“No contract! No content!” and “Here’s a pitch: Pay us, Bitch!” Thus the Hollywood members of the Writers Guild of America colourfully voice their views during their strike against the studios, streaming services and networks. It is expected to last a while. The last one, in 2007-08, lasted 100 days.

Money and staffing are big issues. But what caught my attention is an issue that will undoubtedly raise its head a very great deal in the future. The writers want companies to guarantee that artificial intelligence (AI) will not encroach on their credits and compensation. The studios say that is a non-starter. According to the studios “AI raises hard, important creative and legal questions for everyone.”

Indeed it does. In Hollywood and everywhere else.

Growing fears of AI took a leap when the latest generation, termed generative AI or chatbots, appeared. Tools like OpenAI’s GPT-4 seem not only able to perform human tasks but to perform them creatively, writing a poem or painting a picture indistinguishably from how a human might do it.

For example a Forbes writer asked ChatGPT Plus to “write a haiku about the sun” and it came up with:

“Golden Orb Ascends
Warmth embraces Earth below
Life awakes with light.”

Looks good to me.

A lot of people are getting very worried about what this new technology could get up to aside from writing poetry, including scientist Geoffrey Hinton. Hinton was the leader of the group that solved the problem of enabling a neural network to become a constantly improving learner, the key to chatbots. He is often referred to as “the godfather of AI.” Hinton recently resigned from Google in order to freely express his fears about the technology.

He is concerned that the new machines could learn better and faster than humans. He is particularly concerned that this powerful technology is entirely in the hands of a few huge corporations.

This latter concern is certainly justified. But should we be worried about the machines’ learning ability? The Hollywood writers are, and their concerns must be taken seriously. Like the Luddites of the 19th century, they are concerned that automation will reduce them from skilled workers to less skilled, and cheaper, workers.

But, inasmuch as the latest AI can replace human hours of work with machine hours, we should be pleased. It meshes nicely with another imperative—reducing global population.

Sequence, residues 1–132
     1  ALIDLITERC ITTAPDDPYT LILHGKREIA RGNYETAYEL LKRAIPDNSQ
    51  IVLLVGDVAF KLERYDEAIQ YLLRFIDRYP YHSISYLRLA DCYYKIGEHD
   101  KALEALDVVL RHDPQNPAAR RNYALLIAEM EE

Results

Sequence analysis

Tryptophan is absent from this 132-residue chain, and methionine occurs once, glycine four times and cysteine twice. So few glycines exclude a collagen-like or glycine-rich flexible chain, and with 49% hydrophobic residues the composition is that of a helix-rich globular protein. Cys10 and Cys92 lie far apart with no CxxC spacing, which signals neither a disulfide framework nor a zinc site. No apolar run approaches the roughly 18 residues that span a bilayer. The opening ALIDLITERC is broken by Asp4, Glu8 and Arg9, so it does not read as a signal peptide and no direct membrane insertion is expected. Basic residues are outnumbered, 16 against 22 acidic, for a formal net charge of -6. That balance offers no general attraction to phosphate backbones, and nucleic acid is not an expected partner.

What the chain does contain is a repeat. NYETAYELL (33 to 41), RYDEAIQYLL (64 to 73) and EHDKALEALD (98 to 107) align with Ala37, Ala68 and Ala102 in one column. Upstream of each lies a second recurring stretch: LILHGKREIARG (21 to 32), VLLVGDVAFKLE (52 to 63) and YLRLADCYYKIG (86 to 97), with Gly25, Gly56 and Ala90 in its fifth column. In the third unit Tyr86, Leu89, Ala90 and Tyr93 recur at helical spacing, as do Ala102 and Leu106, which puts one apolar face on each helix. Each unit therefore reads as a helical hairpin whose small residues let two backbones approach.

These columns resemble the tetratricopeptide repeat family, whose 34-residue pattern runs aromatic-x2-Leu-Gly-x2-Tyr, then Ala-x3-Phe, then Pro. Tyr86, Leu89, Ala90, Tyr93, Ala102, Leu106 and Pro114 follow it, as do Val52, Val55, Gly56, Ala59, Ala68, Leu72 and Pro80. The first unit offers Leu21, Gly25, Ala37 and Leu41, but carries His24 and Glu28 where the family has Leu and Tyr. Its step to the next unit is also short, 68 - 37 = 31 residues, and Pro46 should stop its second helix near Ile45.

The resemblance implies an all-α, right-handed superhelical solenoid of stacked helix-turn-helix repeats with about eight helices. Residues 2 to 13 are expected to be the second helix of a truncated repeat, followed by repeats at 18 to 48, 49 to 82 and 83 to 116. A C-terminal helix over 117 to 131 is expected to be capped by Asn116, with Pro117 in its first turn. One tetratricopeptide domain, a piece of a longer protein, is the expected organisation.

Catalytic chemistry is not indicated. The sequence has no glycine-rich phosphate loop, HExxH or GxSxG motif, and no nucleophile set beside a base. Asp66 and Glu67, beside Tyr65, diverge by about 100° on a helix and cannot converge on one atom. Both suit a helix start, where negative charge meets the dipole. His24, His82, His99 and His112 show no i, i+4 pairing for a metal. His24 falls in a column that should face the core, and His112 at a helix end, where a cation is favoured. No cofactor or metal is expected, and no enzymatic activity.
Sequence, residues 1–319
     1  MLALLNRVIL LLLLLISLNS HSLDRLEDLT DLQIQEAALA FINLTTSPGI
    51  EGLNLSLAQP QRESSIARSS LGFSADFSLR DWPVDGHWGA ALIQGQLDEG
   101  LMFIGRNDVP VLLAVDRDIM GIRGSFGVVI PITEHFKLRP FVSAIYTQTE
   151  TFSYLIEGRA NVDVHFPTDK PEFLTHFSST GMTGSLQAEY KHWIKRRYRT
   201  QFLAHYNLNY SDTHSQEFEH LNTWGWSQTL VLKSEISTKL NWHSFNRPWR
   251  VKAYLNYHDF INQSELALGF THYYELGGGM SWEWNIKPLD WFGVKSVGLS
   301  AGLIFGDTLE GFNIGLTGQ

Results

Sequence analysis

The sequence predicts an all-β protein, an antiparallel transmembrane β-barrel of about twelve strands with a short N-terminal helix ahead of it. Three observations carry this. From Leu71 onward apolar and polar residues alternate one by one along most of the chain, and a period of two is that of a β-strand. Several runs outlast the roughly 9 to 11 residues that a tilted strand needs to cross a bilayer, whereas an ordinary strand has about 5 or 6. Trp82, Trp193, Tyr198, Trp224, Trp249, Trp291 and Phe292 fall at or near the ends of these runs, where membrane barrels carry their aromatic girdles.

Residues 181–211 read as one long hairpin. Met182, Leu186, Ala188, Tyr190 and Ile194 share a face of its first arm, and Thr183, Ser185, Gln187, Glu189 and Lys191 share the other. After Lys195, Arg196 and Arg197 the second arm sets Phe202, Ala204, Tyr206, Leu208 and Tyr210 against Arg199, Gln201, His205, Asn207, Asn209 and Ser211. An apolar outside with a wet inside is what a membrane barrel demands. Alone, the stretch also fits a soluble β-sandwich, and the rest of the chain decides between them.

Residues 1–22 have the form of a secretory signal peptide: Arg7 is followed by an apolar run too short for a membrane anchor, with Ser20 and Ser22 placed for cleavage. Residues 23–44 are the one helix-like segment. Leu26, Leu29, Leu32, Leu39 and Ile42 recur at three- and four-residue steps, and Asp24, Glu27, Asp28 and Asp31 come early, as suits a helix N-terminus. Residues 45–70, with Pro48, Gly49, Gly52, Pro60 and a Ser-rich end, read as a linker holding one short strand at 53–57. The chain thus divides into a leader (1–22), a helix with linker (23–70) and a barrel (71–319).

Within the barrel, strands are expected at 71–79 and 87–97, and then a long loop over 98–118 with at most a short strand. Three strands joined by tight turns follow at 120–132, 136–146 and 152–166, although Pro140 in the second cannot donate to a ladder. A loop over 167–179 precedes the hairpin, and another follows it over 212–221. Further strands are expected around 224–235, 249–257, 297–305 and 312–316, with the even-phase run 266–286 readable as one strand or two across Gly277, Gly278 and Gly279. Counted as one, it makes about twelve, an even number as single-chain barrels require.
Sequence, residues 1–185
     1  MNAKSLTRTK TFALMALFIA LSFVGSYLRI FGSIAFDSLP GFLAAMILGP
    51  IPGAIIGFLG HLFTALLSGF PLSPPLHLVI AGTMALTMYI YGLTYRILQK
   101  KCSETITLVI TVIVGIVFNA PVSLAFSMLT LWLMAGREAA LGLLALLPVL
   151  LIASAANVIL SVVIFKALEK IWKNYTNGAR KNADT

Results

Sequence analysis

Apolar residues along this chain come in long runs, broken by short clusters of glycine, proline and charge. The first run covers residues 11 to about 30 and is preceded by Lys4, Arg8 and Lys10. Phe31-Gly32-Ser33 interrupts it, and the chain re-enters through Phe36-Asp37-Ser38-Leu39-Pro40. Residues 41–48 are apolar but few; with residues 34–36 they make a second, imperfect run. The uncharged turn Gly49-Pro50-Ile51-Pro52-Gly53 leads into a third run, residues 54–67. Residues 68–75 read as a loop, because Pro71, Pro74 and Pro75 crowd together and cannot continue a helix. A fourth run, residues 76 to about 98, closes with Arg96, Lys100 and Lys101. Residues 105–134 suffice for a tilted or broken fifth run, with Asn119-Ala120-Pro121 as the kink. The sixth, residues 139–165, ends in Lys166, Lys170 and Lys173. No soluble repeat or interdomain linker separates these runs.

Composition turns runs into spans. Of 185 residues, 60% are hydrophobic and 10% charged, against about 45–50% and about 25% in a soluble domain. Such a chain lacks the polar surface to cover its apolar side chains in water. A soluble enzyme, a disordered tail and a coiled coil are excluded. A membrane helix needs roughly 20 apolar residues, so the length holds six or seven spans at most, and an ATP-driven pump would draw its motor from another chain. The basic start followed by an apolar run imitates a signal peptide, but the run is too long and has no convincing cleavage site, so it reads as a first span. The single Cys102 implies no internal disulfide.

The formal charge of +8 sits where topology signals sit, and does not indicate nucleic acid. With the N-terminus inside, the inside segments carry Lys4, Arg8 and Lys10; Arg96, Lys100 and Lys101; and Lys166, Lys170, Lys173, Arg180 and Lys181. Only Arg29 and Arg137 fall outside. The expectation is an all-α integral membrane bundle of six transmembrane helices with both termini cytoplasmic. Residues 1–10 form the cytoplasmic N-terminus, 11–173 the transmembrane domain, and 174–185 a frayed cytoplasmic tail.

We must reduce populations (and indeed they are now declining in important parts of the world including China) in order to reduce our demand on the planet’s resources and bring ourselves closer to sustainability. Fortunately, that’s in the cards.

A study reported on the Science X internet news portal Phys.org projects a world population approaching nine billion by the middle of the century, then a rapid decline. It could peak even earlier if we take aggressive measures to raise living standards in the developing world.

But declining populations means aging populations and that in turn means a declining work force of younger workers supporting an increasing number of retirees. And this is exactly the bill that AI and automation can fill. Humans working less, machines working more.

To get buy-in we will have to take the concerns of people such as the Hollywood writers with the greatest seriousness. We must ensure that people who are replaced by machines or whose work value is diminished by machines can be assured of meaningful work that allows them to live in dignity.

Leaving them adrift is not only morally wrong but dangerous. American workers elected Trump and the Brits brexited because they felt abandoned and were desperate for somebody or something that made them matter. The result is a threat to democracy in the U.S. and to the economy in Britain. This we cannot afford.

Our federal government has wisely created a Sustainable Jobs Plan for workers dispossessed by the transition to a sustainable economy. It was created largely to deal with the phasing out of the fossil fuel industries. We will need much more of this. And if we make it part of the social contract, we can indeed be on a path to sustainability.

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